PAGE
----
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[EDIT] Just for information, what you called " tracing " (step 3.1.2) take me ... 2 minutes of work.
There is more than 25 hours of painting after, without "use" the photoreference, as explained in... the tutorial... just read[/EDIT]
En FRANCAIS !!!
Tutoriel #14 : Photo reference
Some WIPs :
Tutorial #16 : Shades
Tutorial #15 : Adjustment Layers
Tutorial #14 : Photo-referencing
Tutorial #13 : Water
Tutorial #12 : Creativity
Tutorial #11 : Three textures
Tutorial #10 : Color
Tutorial #9 : Layer
Tutorial #8 : Cloud 2
Tutorial #7 : Arround a drawing 3
Tutorial #6 : Brush
Tutorial #5 : Arround a drawing 2
Tutorial #4 : Arround a drawing 1
Tutorial #3 : Light and shadow
Tutorial #2 : Cloud 1
Retrospection 2004 - 2012
Retrospection 2004 - 2007
1100x10000px 2.81 MB
© 2012 - 2020 AquaSixio
LullabyStArHobbyist Digital Artist
WE all began drawing due to using REFERENCES. We use them everyday. If we were blind, then we wouldn't know what to draw. Therefore, everything is a reference. IT IS OKAY.
AnimeArtistMikiHobbyist General Artist
I am one of those "crazy" pro-free hand artists, however, I see nothing wrong with how you use photo references. I am peeved by people who trace/draw an exact picture of another artist's work then claims it as their own creation. You, on the other hand, placed your own concept, idea, and color theory upon the reference and only used the general shape to get a grasp of your idea. The rest was all you; the product came from your own imagination. Props to you, one of my top 3 favorite digital artists ever. I can never get enough of your amazing artwork. ^^ <3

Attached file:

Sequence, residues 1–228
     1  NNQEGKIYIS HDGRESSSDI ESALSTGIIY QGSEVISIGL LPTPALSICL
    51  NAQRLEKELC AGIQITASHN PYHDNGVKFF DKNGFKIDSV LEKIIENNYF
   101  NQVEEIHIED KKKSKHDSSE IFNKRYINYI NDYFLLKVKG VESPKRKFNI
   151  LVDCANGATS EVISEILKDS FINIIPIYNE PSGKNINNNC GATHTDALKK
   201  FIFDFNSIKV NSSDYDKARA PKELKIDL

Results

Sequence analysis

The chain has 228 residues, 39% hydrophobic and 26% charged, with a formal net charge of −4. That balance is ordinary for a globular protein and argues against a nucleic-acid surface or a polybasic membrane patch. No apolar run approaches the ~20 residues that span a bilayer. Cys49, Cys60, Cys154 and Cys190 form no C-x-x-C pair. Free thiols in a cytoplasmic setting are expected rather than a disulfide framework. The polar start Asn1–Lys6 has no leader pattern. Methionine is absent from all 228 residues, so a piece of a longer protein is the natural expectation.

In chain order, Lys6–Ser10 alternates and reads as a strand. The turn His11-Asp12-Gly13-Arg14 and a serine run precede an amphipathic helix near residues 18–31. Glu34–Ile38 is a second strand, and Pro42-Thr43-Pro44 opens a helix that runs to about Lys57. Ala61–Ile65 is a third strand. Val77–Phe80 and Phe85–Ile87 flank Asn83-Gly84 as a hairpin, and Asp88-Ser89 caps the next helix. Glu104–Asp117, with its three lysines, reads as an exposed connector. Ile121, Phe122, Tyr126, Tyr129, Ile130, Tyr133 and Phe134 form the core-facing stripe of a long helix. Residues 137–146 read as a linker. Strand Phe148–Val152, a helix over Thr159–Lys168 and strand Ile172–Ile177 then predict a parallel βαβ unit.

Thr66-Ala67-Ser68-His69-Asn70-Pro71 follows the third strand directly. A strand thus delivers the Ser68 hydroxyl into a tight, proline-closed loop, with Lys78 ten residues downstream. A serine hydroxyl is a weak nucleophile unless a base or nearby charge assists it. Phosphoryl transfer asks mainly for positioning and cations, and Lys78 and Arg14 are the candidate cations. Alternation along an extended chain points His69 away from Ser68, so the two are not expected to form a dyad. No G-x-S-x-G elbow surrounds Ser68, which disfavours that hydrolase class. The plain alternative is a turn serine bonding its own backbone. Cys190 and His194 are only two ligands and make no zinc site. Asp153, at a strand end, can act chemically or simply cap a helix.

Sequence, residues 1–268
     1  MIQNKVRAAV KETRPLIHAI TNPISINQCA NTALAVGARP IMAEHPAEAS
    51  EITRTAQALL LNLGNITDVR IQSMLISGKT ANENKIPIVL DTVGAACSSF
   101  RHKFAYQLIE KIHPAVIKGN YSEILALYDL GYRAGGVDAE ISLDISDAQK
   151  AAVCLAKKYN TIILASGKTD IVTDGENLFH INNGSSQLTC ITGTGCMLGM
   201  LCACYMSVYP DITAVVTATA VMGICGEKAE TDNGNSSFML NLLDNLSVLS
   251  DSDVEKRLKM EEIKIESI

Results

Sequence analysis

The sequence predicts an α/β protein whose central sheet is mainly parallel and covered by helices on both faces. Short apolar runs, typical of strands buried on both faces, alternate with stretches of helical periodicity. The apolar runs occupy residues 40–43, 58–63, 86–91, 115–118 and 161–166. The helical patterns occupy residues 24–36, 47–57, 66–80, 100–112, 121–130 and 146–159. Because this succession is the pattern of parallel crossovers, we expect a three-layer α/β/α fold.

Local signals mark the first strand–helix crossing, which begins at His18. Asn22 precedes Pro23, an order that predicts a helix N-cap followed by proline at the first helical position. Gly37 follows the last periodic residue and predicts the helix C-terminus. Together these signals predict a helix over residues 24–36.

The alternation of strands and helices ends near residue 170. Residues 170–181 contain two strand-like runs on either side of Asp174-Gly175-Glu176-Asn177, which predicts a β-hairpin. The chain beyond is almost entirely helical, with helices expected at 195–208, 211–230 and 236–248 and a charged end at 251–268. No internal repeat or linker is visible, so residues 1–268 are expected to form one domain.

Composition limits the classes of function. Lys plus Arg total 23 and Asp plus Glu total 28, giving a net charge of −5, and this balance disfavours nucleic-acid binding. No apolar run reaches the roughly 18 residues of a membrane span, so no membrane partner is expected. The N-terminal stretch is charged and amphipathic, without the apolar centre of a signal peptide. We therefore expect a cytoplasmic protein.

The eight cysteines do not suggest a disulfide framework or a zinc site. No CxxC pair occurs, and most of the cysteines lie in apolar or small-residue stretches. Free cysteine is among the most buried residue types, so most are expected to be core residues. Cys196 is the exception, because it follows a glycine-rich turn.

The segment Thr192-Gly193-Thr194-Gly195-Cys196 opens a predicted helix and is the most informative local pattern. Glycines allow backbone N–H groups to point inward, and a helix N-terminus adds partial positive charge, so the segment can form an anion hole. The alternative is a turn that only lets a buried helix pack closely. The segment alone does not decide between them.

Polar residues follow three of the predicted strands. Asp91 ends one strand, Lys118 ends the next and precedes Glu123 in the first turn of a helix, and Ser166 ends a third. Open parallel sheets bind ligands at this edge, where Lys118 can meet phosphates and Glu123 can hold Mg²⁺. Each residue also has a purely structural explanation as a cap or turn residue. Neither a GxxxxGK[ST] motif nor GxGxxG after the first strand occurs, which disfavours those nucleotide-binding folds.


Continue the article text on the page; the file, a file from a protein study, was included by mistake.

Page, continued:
vynariaStudent Digital Artist
I don't see the big deal about him using photo references. The finished works always look very different from the references and anyone can see they're just a starting point for the amazing works of art he creates. I guess people will always find something to nitpick about. I personally like using references. It helps teach my brain how things work. Everyone has their own method. I am so inspired by you aquasixio!
Well for as long as I have skimmed through this debate and it's comments relegating tracing to cheating, to stock photos and copyright laws. Here's something many of you may not have considered. Who CARES how art is made? If a person snags a photo from Google of a Olympic Swimmer diving into the water and uses THAT pose for a superhero in flight, does that make this artist a liar and a thief? No. Also its like this, if people are really going to bitch and whine about wither an artist used a reference or not, and claiming this artist needs to "cite their source." then I guess if the artist lost or deleted their photo; then they would be at the internet for HOURS just trying to find the original photo. There are thousands upon thousands of stock photos based on ONE subject alone.
People also need to realize this, did anyone ever take a look at an Art book of a video game before? You can't tell me video game concept artists, or comic book artists don't use reference photos. If they can get by with it, so can we. You know why? Because the target audience of those groups are only interested in the final product.